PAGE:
Insurance CEOs are more concerned than leaders in any other industry about the combined threats to their growth prospects, according to findings from the 20th annual PwC global CEO Survey.

PwC polled 95 insurance CEOs from 39 countries, who anticipate being hugely impacted by disruptive change and feel more threatened than leaders of sectors including entertainment and media, banking and healthcare. 

Nevertheless, 80% of insurance leaders are confident they can grow revenues through embracing new technologies, adapting their workforce and pursuing M&A activity.

Fears around the speed of technological change have increased since last year, with 83% of insurance CEOs citing it as a threat to growth (up from 69%) and over a quarter (28%) saying technology will completely reshape competition in the industry over the next five years.

New entrants to the market continue to be perceived as a threat, with 65% of insurance leaders highlighting concerns about the competition they face.


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Over-regulation continues to be the number one concern for 95% of insurance leaders across the globe. Other threats identified are uncertain economic growth (84%), social instability (75%), geopolitical uncertainty (74%) and the future of the Eurozone (72%).

Over half of insurance leaders globally (60%) believe it is becoming harder for them to compete in an open global marketplace amid moves toward more protectionist national policies.

Industry leaders are also concerned about shifting customer behaviour, as 78% of CEOs say this threatens growth (up from 64% last year).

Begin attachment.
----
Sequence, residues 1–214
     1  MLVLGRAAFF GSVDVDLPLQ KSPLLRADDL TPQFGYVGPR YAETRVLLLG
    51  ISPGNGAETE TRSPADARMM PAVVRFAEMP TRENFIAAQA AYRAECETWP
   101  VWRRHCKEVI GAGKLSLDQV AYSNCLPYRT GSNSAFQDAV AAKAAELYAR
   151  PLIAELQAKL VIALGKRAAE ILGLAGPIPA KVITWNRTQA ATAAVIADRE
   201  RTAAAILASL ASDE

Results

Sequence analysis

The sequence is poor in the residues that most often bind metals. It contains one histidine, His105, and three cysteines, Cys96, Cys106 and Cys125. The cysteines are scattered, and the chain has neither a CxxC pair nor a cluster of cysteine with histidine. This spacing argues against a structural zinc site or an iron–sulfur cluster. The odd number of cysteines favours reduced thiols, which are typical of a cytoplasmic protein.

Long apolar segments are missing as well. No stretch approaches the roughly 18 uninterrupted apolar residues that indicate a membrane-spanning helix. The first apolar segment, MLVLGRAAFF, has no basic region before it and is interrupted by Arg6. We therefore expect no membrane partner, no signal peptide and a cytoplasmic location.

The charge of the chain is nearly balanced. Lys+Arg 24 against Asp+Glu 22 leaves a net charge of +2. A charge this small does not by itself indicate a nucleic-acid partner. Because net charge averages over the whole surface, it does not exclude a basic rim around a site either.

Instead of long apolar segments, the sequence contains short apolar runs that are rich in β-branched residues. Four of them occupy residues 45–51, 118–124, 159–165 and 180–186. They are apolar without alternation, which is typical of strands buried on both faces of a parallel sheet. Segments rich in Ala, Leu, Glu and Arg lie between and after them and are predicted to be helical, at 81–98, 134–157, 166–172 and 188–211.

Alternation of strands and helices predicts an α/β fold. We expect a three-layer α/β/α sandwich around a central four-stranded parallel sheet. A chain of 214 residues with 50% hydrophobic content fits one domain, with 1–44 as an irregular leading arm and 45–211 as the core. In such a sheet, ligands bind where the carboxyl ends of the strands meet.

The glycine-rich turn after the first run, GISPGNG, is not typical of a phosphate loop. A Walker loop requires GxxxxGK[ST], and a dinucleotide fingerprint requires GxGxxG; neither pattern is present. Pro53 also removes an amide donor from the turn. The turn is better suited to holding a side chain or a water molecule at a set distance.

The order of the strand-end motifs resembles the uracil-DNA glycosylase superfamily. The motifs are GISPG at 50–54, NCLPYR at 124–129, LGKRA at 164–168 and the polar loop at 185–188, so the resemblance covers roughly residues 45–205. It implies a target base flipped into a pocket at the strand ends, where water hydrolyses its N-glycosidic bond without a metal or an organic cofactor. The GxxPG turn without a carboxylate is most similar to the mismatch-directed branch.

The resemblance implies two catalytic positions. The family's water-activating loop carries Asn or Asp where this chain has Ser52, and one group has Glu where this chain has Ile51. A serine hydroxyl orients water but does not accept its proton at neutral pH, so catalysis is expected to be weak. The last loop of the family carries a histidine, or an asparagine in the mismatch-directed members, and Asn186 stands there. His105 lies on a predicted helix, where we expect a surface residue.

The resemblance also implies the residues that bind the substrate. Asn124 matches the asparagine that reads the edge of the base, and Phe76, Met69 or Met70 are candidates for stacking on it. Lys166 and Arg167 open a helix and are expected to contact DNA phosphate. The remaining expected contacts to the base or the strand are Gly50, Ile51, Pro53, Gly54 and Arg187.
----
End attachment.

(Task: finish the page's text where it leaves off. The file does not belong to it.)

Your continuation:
In order to adapt, insurers need to ensure they have a diverse workforce representing their customer base, but 83% of insurance CEOs see a lack of availability of key skills as a threat to business growth. 



Path to growth

Despite soft premium rates, low interest rates and subdued economic growth contributing to ongoing cost pressures, insurance CEOs are generally optimistic about their companies’ growth prospects with 81% of those surveyed confident they can achieve revenue growth over the coming year.

Insurance CEOs believe strengthening their digital and technological capabilities is the most important area to capitalise on new growth opportunities and 61% say they are exploring the benefits of humans and machines working together in order to ensure their workforce is fit for the future.

Following a wave of industry megadeals in late 2015/ early 2016, over a third (35%) of insurance CEOs say they are planning new M&A activity in the next 12 months to drive growth and profitability.

Jim Bichard, UK insurance leader at PwC, said: “The optimism shown by insurance CEOs for continued growth shows how the speed of technological change can be turned into a great opportunity.

“As customers demand more interactive and transparent interactions with their insurers, partnering with startups to learn new ways of working enables the sector to tap into a wealth of different experiences.”

Bichard added: “By engaging with these new entrants to the market and simultaneously rethinking their in-house talent strategies, companies are waking up to the fact that a smart, diverse workforce will be their secret weapon.

“Insurers can reap the benefits of being proactive in disrupting themselves as a way of combating perceived external threats to growth such as regulation.”